David Abram asserts that the development of written text with abstract signs contributed to our divorce from nature (or reflected it). He notes that, in its evolution, written text lost its connection to its pictographic roots: “letters” began as designs that often referred to elements of nature. What’s more, Abram’s experiences showed him how “intelligence” in nature is a field of interactions among many elements – including human beings, if they remain aware. This is similar to what many shamans seek in vision quests, and in “shamanic states of consciousness” when in nature. In our modern “civilized” world, on the other hand, intelligence has been confined to human skulls and abstract symbols on a page.[v] As Abram says, “Only as the written text began to speak would the voices of the forest, and of the river, begin to fade. And only then would language loosen its ancient association with the invisible breath, the spirit sever itself from the wind, the psyche dissociate itself from the environing air.” [italics in original][vi]
Well documented is the historical shift away from hunter-gatherer societies that depended directly on cycles of nature, availability of water, and the behavior of animals. These awarenesses, values, and behaviors were displaced by agricultural societies and the growth of cities, where food storage, permanent buildings, boundaries, and property ownership became important, along with increasing role specialization, priesthoods, and complex social hierarchies.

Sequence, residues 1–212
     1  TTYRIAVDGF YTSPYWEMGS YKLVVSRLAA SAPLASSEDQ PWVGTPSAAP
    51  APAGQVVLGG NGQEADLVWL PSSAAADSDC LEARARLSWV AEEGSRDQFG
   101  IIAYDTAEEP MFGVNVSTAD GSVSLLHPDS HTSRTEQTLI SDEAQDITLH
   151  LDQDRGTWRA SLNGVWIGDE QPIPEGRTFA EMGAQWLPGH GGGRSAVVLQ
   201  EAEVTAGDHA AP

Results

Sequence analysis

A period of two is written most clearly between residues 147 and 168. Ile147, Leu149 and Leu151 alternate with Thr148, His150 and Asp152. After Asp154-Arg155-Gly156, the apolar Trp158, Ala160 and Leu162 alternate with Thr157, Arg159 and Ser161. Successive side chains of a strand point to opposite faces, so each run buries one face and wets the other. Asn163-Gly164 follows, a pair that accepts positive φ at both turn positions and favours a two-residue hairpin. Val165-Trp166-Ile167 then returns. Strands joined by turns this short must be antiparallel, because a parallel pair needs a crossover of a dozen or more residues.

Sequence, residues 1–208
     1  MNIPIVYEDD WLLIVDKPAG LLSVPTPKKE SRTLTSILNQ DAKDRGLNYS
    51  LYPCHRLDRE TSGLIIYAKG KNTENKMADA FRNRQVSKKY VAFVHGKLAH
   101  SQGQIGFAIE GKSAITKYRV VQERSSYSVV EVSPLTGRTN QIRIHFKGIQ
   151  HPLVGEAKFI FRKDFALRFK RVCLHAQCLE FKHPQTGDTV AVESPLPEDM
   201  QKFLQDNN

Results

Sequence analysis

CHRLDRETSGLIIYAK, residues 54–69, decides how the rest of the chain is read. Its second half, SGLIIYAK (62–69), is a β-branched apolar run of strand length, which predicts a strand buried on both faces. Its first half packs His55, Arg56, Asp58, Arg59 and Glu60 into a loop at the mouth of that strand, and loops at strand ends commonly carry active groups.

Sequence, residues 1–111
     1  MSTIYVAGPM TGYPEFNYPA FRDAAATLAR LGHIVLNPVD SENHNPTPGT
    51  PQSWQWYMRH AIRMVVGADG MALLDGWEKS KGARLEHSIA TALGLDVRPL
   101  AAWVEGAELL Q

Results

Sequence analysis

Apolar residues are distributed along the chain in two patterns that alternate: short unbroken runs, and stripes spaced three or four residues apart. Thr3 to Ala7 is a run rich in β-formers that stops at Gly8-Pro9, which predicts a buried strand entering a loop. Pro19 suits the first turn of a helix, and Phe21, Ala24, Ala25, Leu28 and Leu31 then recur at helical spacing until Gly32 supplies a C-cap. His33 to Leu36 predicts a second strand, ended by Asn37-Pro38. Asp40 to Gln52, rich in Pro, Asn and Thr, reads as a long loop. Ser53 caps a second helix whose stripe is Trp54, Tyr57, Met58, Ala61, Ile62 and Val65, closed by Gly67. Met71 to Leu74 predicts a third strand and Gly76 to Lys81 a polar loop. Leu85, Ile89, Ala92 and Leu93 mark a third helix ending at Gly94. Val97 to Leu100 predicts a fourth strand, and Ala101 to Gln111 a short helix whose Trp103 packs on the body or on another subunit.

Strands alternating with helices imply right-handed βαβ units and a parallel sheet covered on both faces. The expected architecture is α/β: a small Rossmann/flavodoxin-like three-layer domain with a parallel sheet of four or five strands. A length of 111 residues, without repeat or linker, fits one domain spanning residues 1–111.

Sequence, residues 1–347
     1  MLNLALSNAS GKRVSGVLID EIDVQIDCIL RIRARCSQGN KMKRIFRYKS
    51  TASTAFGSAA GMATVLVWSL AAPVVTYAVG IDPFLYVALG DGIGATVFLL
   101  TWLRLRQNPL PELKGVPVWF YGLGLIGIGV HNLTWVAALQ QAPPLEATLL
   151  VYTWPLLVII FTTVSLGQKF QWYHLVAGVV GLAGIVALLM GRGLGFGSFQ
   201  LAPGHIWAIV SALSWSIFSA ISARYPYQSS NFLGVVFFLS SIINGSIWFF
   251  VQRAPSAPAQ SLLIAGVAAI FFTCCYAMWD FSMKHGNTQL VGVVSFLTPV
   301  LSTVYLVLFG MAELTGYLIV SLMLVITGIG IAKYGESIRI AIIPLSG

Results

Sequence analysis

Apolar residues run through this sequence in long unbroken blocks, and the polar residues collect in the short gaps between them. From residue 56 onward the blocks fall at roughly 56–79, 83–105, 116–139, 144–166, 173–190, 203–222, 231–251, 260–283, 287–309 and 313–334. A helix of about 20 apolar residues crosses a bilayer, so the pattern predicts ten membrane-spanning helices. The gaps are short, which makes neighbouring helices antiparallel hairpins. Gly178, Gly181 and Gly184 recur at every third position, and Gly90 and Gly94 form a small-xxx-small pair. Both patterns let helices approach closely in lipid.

Regardless of any theory, we all use various technologies like lights, machinery, air conditioning, economics, transportation, and communication. They all insulate us from the immediacy of natural cycles – from climate and weather, from the gathering and processing of food, and even our own natural wake-sleep cycles. What’s more, our consciousness is shaped by experiences that alter its focus, filters, associations, integration, and ability to shift states and perspectives. Our consciousness is also influenced by cultural values, ideology, technology, and social media. Shopping in a grocery store offers a different relationship to food than does planting seeds, tending the garden, protecting it from predators, monitoring ripeness, harvesting, and storing. From personal experience I can say that buying a jar of honey is a different relationship to honey than keeping a hive of bees through pollen and nectar gathering, generations of workers, extracting the honey, and overwintering the hive – never sure if the hive will survive.